Identification of altered microRNAs in serum of a mouse model of Parkinson's disease

Hector Rosas-Hernandez, Srinivasulu Chigurupati, James Raymick, Bonnie Robinson, Elvis Cuevas, Joseph Hanig, Sumit Sarkar

Research output: Contribution to journalArticlepeer-review


Parkinson's disease (PD) is the second most prevalent neurodegenerative disease, whose hallmark is the loss of dopamine terminals in the substantia nigra pars compacta (SNpc). PD is usually diagnosed after the appearance of motor symptoms, when about 70% of neurons in the SNpc have already been lost. Because of that, it is important to search for new methods that aid in the early diagnosis of PD. In recent years, microRNAs (miRs) have emerged as potential biomarkers for a variety of diseases and hold the potential to be used to aid in the diagnosis of PD. Therefore, the aim of this study was to characterize if specific miRs are differentially expressed in serum in a mouse model of PD. To induce PD-like damage, mice were subcutaneously injected with 25 mg/kg of 1-methyl-4-phenyl-1,2,3,6-tetrahydropyridine hydrochloride (MPTP) by administering 10 doses over a period of 5 weeks, with 3.5 days between doses. Expression of 71 different microRNAs was quantified in serum separated from blood collected at day 35, using next-generation sequencing. Histological analysis and quantification of neurotransmitters were performed to confirm dopaminergic neurodegeneration. Chronic MPTP treatment induced loss of dopaminergic terminals in the SNpc and caudate putamen, confirmed by a decrease in the number of tyrosine hydroxylase and dopamine transporter positive cells. In addition, MPTP decreased the concentration of dopamine and its metabolites in the SNpc, simulating the damage observed in PD. From the 71 miRs analyzed, only 4 were differentially expressed after MPTP treatment. Serum levels of miR19b, miR124, miR126a and miR133b were significantly decreased in MPTP-treated mice compared to control. These data suggest that specific miRs are downregulated in a pre-clinical model of PD and hold the potential to be used as biomarkers to aid in the diagnosis of this disease. Further experiments need to be conducted to validate the use of these miRs as biomarkers of PD in additional pre-clinical models as well as in samples from patients diagnosed with PD.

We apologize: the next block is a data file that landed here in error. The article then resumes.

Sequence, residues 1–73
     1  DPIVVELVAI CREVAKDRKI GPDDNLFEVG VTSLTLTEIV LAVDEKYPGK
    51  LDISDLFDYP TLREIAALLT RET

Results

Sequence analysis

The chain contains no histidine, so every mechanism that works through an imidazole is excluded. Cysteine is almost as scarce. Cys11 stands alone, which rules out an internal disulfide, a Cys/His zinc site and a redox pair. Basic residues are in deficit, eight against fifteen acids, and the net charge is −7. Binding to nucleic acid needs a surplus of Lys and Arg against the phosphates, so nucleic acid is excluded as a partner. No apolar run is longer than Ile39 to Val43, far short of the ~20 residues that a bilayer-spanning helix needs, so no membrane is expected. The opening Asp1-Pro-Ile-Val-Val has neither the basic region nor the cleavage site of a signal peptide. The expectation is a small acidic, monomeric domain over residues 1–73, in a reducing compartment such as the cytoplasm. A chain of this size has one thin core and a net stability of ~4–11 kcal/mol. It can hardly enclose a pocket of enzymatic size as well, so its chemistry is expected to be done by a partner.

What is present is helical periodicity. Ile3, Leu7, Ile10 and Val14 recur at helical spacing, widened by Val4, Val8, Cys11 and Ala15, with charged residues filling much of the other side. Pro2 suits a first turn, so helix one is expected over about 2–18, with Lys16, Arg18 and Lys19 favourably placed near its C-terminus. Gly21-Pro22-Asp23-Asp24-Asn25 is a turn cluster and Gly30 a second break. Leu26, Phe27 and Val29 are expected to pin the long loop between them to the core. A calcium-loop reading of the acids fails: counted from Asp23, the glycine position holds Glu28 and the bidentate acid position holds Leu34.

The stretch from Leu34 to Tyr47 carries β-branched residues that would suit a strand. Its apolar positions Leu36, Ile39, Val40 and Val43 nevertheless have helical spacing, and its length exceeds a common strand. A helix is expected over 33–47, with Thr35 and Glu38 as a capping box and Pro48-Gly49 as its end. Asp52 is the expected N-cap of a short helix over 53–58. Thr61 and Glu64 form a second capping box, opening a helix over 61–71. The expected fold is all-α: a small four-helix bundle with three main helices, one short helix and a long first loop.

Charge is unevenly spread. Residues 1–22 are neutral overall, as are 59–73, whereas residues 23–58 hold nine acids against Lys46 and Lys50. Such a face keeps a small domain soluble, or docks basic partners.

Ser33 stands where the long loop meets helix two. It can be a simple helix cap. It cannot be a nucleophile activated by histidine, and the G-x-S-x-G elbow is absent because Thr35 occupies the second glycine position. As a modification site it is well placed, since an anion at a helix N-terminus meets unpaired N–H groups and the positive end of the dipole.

Original languageEnglish (US)
Pages (from-to)1-9
Number of pages9
JournalNeuroscience Letters
StatePublished - Nov 20 2018
Externally publishedYes


  • MPTP
  • Micro RNA
  • Neurotoxin
  • Parkinson disease
  • Serum

ASJC Scopus subject areas

  • General Neuroscience


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